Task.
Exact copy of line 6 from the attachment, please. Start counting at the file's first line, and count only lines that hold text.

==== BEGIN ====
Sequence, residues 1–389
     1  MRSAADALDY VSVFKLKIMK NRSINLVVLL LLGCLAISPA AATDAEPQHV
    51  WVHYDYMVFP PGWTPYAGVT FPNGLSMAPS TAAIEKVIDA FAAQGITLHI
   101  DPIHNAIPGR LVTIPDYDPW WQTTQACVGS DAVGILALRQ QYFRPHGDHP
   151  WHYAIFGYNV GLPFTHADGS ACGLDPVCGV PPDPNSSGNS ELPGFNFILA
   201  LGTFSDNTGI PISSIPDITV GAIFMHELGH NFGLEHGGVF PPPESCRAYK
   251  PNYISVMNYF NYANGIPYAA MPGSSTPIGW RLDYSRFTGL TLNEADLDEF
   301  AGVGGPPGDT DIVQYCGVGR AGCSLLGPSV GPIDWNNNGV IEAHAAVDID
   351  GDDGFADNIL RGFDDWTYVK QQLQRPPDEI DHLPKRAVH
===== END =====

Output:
   201  LGTFSDNTGI PISSIPDITV GAIFMHELGH NFGLEHGGVF PPPESCRAYK